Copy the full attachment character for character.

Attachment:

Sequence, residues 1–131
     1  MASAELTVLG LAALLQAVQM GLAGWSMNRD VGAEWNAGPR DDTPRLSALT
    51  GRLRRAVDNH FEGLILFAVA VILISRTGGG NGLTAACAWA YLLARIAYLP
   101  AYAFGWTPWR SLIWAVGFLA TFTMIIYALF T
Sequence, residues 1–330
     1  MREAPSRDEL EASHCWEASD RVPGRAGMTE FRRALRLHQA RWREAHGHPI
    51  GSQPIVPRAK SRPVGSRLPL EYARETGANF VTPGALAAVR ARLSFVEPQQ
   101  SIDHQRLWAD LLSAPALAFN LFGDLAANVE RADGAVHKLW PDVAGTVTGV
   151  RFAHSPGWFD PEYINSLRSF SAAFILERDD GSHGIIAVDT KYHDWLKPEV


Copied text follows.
Sequence, residues 1–131
     1  MASAELTVLG LAALLQAVQM GLAGWSMNRD VGAEWNAGPR DDTPRLSALT
    51  GRLRRAVDNH FEGLILFAVA VILISRTGGG NGLTAACAWA YLLARIAYLP
   101  AYAFGWTPWR SLIWAVGFLA TFTMIIYALF T
Sequence, residues 1–330
     1  MREAPSRDEL EASHCWEASD RVPGRAGMTE FRRALRLHQA RWREAHGHPI
    51  GSQPIVPRAK SRPVGSRLPL EYARETGANF VTPGALAAVR ARLSFVEPQQ
   101  SIDHQRLWAD LLSAPALAFN LFGDLAANVE RADGAVHKLW PDVAGTVTGV
   151  RFAHSPGWFD PEYINSLRSF SAAFILERDD GSHGIIAVDT KYHDWLKPEV